Your baby’s diaper could help you understand changes in your infant’s digestive system. Children show varying changes in stool color and this is because of the type of food they take. Children who are breastfeeding show different stool color from those who are taking infant formula and the same difference is seen where a child is breastfeeding and at the same time eating table food. Therefore, as a mother or parent, you need to understand these changes in diet and how they can affect the change of stool color.
The normal color of stool of a toddler who is breast feeding is mustard yellow. Toddlers who drink infant formula are likely to show yellow to brown stool coloration. For those babies who are nursing and at the same time taking table food, the colors may change to yellow, orange, and green to brown. This will depend on the meal plan ingredients. Green leafy vegetable will show green bowel.
A toddler may show a rainbow of colors in the stool and this may happen because the child is not able to chew food well. When there is fat intake in food, this prompts the bile juice to be released, which emulsifies the fats and excess bile may pass in stool changing the color of the feces to appear green. The bile juice is greenish in color but when it gets to the digestive tract, it is broken down and assumes brown coloration.
When you notice a change in color of toddler’s stool and the infant looks ill and does not show responsiveness, and is registering high fever or is being lethargic, there is need to visit a pediatrician immediately in order to get the infant examined. When the child also produces black or red tarry stools when nothing has been eaten, which can produce such red and black colors in stool, this should also be examined by a doctor.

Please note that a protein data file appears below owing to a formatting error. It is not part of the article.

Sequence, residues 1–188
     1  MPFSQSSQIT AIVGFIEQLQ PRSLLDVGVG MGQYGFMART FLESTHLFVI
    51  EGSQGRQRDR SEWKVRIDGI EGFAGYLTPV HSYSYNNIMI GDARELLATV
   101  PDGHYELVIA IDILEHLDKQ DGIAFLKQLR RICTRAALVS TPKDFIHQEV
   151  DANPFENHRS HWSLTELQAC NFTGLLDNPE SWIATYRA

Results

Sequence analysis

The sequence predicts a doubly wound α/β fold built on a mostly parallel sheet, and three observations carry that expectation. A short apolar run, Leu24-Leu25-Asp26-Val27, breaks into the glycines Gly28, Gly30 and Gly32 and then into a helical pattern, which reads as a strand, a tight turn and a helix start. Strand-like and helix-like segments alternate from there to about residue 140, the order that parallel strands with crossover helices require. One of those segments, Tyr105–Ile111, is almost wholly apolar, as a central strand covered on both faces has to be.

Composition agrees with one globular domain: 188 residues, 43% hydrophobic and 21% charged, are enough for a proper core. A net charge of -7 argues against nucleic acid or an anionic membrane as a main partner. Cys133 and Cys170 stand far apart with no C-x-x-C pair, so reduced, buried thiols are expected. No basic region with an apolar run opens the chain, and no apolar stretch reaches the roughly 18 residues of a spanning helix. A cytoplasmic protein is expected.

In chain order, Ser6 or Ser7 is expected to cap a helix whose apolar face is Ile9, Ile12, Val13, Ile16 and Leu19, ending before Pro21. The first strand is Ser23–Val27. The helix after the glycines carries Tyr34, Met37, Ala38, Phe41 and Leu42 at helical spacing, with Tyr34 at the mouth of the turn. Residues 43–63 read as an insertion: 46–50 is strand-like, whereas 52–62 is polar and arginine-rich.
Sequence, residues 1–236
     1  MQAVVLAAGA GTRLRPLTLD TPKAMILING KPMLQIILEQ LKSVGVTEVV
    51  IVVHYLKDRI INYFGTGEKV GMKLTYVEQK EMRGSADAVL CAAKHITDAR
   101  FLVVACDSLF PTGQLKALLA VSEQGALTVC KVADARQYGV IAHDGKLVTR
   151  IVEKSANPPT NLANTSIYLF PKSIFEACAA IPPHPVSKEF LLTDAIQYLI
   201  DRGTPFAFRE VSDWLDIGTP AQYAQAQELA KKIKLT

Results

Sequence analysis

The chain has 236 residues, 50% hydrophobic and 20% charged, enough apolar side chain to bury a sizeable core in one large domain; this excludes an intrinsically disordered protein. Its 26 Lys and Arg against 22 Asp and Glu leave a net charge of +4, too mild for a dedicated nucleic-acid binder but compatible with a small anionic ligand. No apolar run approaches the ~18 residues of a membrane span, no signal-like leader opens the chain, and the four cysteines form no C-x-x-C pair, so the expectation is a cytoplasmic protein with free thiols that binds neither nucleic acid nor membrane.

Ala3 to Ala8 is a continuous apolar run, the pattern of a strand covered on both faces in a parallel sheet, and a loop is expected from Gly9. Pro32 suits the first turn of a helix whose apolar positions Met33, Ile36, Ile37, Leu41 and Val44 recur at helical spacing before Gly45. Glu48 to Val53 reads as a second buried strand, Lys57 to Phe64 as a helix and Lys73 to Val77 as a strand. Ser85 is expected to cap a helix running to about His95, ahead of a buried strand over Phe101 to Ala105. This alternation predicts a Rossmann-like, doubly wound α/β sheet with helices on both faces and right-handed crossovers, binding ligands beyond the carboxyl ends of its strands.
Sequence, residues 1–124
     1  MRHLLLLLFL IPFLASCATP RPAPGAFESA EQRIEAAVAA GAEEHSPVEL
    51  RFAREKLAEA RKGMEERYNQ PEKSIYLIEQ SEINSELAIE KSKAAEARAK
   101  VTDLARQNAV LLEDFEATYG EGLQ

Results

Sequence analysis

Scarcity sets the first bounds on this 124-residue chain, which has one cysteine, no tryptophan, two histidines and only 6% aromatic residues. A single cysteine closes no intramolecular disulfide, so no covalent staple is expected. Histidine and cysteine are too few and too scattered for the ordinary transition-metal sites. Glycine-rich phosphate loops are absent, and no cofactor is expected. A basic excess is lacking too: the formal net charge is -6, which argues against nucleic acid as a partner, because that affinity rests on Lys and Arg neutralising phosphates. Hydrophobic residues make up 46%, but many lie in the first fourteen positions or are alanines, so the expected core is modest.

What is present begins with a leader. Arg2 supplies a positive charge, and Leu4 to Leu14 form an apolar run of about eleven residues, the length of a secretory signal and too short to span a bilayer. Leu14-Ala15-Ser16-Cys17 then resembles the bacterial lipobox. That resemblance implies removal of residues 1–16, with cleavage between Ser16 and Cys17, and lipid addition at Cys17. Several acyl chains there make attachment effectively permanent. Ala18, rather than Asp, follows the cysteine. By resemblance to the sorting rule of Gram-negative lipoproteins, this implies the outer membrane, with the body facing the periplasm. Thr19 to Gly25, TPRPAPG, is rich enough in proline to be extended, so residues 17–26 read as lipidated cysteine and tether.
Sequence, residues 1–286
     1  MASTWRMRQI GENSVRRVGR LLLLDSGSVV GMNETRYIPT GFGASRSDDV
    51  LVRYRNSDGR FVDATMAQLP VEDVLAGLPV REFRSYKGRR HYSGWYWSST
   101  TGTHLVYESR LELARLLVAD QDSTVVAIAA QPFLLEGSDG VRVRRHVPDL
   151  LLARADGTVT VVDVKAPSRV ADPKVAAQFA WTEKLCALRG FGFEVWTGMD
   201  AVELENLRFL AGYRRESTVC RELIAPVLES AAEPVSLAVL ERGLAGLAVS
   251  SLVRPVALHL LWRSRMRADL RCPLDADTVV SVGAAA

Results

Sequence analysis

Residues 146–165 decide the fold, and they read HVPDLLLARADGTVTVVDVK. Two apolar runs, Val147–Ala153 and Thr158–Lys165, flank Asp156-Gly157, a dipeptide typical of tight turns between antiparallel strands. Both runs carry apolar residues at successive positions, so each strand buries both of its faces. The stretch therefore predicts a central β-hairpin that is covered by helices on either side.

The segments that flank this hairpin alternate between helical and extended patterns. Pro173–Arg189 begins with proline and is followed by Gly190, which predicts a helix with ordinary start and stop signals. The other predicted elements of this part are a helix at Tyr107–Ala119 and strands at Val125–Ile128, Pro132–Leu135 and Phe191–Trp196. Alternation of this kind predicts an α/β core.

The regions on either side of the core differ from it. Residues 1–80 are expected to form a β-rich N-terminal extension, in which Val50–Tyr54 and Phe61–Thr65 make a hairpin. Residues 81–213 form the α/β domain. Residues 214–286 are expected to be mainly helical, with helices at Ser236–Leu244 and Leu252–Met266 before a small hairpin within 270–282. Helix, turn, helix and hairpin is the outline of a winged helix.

The doctor may examine the anal area of the toddler to find out if there are any fissures or hemorrhoids, which could lead to changes in bowel movements. The toddler stool can show dark or red color due to bleeding along the intestinal tract and which need to be tested and find the location of bleeding. If a child has had constipation, this may have caused small fissures in the anus and which could lead to change of the feces color to reddish.
Infections in the gastrointestinal tract can also induce changes in stool color, which are not green or brown such as red and black. The change in color of the infant stool may also arise from non food items such as crayons, molding dough and chalk. By visiting a doctor, you are able to explain how you have been observing the changes in stool color and how long they have persisted on the baby. You also give information about the feeding that you apply for your baby such as breast feeding, table food or use of infant formula. Tests can be done in stool to determine the unusual stool color change, which is not caused by food or drug related causes.